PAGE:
There are plenty of physical ways to identify and characterize (bio-)matter physically and/or chemically. Whereas humans exploit their traditional senses (sight, hearing, taste, smell, and touch) to probe the environment, (artificial) sensors – especially biosensors, which are the topic of this chapter – also rely on such sensing mechanisms, for example, mechanical (touch) and optical (sight), but also on other types of interactions, for example, electromagnetic. Such techniques feature a key characteristic: the frequency of the electromagnetic waves can be varied over a range (narrow or broad) to get a rich set of data from spectra, and consequently, the technique is called spectroscopy. Combined with the massive progress in micro- and nanotechnology, miniature biosensors based on dielectric spectroscopy have been in use for several decades, first initiated in direct current (dc) and low frequencies (kilohertz and megahertz) and now reaching microwave and millimeter-wave ranges.
This chapter aims at showing the status of the current possibilities of analysis at the molecular and cellular levels enabled by the convergence of microwave dielectric spectroscopy and the use of microtechnologies. To understand the interests of developing microwave-based and miniature biosensors for molecular and cellular investigations, examples of the main and current cellular analyzing techniques that are available in biolabs will be given, followed by an introduction to microwave dielectric spectroscopy. Highlights of such a technique will then be addressed in terms of noninvasivity, specificity, compatibility with the high ionic and nutrient contents classically encountered in cell culture media, and suitability and sufficient sensitivity for cell probing, even down to single-cell investigations.
A detailed knowledge of the atomic structure of magnetic semiconductors is crucial to understanding their electronic and magnetic properties, which could enable spintronic applications. Energy-dispersive X-ray spectrometry (EDX) in the scanning transmission electron microscope and atom probe tomography (APT) experiments reveal the formation of Cr-rich regions in Cd1−xCrxTe layers grown by molecular beam epitaxy. These Cr-rich regions occur on a length scale of 6–10 nm at a nominal Cr composition of x=0.034 and evolve toward an ellipsoidal shape oriented along <111> directions at a composition of x=0.083. Statistical analysis of the APT reconstructed volume reveals that the Cr aggregation increases with the average Cr composition. The correlation with the magnetic properties of such (Cd,Cr)Te layers is discussed within the framework of strongly inhomogeneous materials. Finally, difficulties in accurately quantifying the Cr distribution in the CdTe matrix on an atomic scale by EDX and APT are discussed.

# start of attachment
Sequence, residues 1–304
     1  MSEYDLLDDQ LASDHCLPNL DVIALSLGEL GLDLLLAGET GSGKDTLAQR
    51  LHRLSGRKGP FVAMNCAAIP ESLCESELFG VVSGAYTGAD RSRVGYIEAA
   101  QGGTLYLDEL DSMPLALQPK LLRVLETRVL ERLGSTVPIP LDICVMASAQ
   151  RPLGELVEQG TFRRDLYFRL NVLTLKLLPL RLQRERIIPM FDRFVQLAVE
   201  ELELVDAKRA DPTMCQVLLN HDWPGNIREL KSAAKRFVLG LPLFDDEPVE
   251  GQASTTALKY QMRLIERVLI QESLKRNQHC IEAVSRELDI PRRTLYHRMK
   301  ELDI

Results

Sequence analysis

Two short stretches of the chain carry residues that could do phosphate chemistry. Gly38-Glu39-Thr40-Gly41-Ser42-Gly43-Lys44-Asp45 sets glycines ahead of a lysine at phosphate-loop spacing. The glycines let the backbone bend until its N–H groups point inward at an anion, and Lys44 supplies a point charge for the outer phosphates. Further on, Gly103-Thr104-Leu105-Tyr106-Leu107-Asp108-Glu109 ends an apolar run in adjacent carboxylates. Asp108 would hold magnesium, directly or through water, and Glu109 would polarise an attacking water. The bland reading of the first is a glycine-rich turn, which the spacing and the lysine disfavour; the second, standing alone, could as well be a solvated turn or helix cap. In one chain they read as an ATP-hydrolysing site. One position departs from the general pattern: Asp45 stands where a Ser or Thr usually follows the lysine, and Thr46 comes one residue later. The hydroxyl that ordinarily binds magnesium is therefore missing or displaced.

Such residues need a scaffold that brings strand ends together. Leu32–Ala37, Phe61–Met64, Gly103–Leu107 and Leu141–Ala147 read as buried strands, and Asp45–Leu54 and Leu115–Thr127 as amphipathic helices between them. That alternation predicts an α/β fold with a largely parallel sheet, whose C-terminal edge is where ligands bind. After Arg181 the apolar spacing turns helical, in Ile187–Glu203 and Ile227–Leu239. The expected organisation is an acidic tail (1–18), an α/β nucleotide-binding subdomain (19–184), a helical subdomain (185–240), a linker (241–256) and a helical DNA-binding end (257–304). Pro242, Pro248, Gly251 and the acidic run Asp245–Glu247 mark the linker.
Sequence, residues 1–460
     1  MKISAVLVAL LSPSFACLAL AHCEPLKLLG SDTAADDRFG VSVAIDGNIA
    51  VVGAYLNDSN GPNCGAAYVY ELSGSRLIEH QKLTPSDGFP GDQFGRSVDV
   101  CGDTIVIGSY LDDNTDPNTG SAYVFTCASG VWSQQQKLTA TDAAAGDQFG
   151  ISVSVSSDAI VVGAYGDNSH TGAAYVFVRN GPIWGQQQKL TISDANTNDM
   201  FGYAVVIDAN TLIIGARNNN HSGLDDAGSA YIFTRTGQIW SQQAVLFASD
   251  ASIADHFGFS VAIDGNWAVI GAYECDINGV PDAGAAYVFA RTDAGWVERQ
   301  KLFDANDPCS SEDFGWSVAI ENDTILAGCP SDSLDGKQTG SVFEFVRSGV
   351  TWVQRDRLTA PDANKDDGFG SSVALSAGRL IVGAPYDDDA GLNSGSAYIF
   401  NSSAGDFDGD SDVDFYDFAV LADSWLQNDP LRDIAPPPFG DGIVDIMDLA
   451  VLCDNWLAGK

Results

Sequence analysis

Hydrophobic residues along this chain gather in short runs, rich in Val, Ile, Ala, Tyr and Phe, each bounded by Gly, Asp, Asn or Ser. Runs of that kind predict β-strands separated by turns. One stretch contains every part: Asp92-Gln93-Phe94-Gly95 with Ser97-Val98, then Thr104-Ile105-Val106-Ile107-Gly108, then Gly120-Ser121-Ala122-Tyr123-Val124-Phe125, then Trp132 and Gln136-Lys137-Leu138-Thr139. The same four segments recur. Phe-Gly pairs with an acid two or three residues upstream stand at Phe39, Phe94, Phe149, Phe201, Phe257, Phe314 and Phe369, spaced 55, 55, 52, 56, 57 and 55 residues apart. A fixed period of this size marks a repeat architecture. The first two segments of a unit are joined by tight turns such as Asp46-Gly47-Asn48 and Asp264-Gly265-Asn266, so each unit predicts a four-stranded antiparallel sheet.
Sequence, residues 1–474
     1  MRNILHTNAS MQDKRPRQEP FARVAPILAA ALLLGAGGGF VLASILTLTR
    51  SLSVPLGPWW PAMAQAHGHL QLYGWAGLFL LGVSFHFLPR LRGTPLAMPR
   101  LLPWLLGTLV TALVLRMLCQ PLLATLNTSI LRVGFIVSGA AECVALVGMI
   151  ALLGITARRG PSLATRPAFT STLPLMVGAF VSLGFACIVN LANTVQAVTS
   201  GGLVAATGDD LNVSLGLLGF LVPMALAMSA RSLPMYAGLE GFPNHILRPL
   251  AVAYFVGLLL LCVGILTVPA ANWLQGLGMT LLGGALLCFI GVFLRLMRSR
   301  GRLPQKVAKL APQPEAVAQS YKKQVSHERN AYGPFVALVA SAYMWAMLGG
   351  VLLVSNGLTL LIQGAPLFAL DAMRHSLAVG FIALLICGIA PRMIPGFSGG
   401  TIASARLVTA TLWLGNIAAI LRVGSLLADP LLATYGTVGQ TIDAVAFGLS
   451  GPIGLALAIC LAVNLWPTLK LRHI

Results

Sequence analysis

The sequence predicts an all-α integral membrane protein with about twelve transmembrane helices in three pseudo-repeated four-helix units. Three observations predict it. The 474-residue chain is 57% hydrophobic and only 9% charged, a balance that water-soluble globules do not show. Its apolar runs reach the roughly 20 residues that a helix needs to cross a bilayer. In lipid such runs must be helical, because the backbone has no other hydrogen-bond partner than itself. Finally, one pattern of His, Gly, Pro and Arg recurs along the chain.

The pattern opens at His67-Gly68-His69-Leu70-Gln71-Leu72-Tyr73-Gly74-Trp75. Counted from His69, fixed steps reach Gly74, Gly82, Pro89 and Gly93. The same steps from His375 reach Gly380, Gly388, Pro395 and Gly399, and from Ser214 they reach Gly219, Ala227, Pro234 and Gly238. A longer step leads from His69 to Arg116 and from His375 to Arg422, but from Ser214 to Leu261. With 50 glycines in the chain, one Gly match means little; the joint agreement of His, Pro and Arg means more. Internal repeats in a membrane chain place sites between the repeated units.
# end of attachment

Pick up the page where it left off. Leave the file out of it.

Ongoing provision of pharmaceuticals and medical supplies is of key importance during and following a disaster or other emergency event. An effectively coordinated response involving locally available pharmacy personnel—drawing upon the efforts of licensed pharmacists and unlicensed support staff—can help to mitigate harms and alleviate hardship in a community after emergency events. However, pharmacists and their counterparts generally receive limited training in disaster medicine and emergency preparedness as part of their initial qualifications, even in countries with well-developed professional education programs. Pharmacy efforts have also traditionally focused on medical supply activities, more so than on general emergency preparedness. To facilitate future work between pharmacy personnel on an international level, our team undertook an extensive review of the published literature describing pharmacists’ experiences in responding to or preparing for both natural and manmade disasters. In addition to identifying key activities that must be performed, we have developed a classification scheme for pharmacy personnel. We believe that this framework will enable pharmacy personnel working in diverse practice settings to identify and undertake essential actions that are necessary to ensure an effective emergency response and will promote better collaboration between pharmacy team members during actual disaster situations. (Disaster Med Public Health Preparedness. 2017;11:496–504)
EGRET, the high-energy γ-ray telescope on the Compton Gamma-Ray Observatory, has the sensitivity, angular resolution, and background rejection necessary to study diffuse γ-ray emission from the interstellar medium (ISM). High-energy γ rays produced in cosmic-ray (CR) interactions in the ISM can be used to determine the CR density and calibrate the CO line as a tracer of molecular mass. Dominant production mechanisms for γ rays of energies ∼30 MeV–30 GeV are the decay of pions produced in collisions of CR protons with ambient matter and Bremsstrahlung scattering of CR electrons.